Two methods are available in email marketing to add recipients to your email list: single opt-in and double opt-in.
Both remain simple, reliable ways to get new contact information and engage your audience.
Single Opt-In: It’s probably what you think of when you think of signing up to an email list. An email contact fills out your signup form, clicks submit, and their data is saved to a list.
Double Opt-In: The double opt-in process has a few extra levels, but it’s still simple to use. It’s just like a single opt-in, but it adds a confirmation step where the user receives a confirmation email and has to confirm their signup.
P is for Personalization
Email personalization is the ideal way to personally reach any of your unique subscribers. Personalized email marketing campaigns drive 18X more income than email marketing campaign without personalization.
Need to make personalization a reality for your brand? We’re sharing 6 ways to practice personalization in your next email marketing campaign.
- Personalize your email copy
- Personalize your imagery
- Personalize your offers
- Personalize your product recommendations
- Personalize cart abandonment emails
- Personalize based on behavior
Personalizing your email content is the ideal way to reach subscribers, keep messages appropriate, and double your growth rates. With the guidance of the best email service provider, you can personalize email copy using data, dynamic content, segmentation, and more.
Q is for Quality beats frequency
Your subscribers have opted into your email marketing list because they believe you can offer them something of value. As long as your email marketing content is appropriate, users will generally not mind a more prominent email sending frequency.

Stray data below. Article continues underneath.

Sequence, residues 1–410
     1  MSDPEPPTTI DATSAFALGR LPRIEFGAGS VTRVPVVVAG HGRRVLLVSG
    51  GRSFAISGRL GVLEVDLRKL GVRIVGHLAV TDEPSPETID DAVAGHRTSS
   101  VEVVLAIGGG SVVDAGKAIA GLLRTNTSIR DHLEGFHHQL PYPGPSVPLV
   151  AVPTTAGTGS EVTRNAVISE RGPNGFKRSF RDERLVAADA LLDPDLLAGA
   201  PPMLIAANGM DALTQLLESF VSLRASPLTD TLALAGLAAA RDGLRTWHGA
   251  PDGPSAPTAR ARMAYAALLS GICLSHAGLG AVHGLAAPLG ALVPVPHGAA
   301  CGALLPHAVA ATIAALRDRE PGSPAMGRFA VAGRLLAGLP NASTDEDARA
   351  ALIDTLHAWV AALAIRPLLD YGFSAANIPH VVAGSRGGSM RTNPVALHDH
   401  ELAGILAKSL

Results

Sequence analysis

Recipients may unsubscribe if they feel your content is no more relevant or overwhelmed with your, or worse they may even decide to mark your email as spam.
R is for RSS-to-email
If you publish content to a website or blog, you can use your site’s RSS feed to convert the latest posts into email content.
S is for Segmentation
Segmentation in email marketing campaign offers the strength to break your main list(s) into different subgroups.
By dividing your email list into different subgroups, you can send more targeted email marketing campaigns that maximize the relevance of your marketing message for each subscriber.
The following are five highly effective email marketing segmentation methods:
- Segment by engagement
- Segment by persona
- Segment by where customers shop
- Segment by website behavior
- Segment cart and form abandoners
The more you feed your messages to your subscribers’ tastes, interests, activities, etc., the more likely you are to reach and resonate with your receivers.
T is for Timing
Timing is everything – right? Well, it may not be everything in the email marketing campaign, but it surely matters, particularly when it comes to getting subscribers to notice and open your emails.
To determine when your subscribers are most likely to engage with your email marketing campaigns, send the same to two different groups of contacts to test delivery date and time, or compare the click rates. These types of tests and research can help you narrow down the right time to send your email marketing campaigns for maximum engagement from your subscribers.
U is for Unsubscribes
In email marketing, to unsubscribe means to extract your email address from a company’s mailing list so as not to get any more emails or messages. Every email marketing campaign must insert an unsubscribe link to give subscribers an opportunity to remove themselves at any time.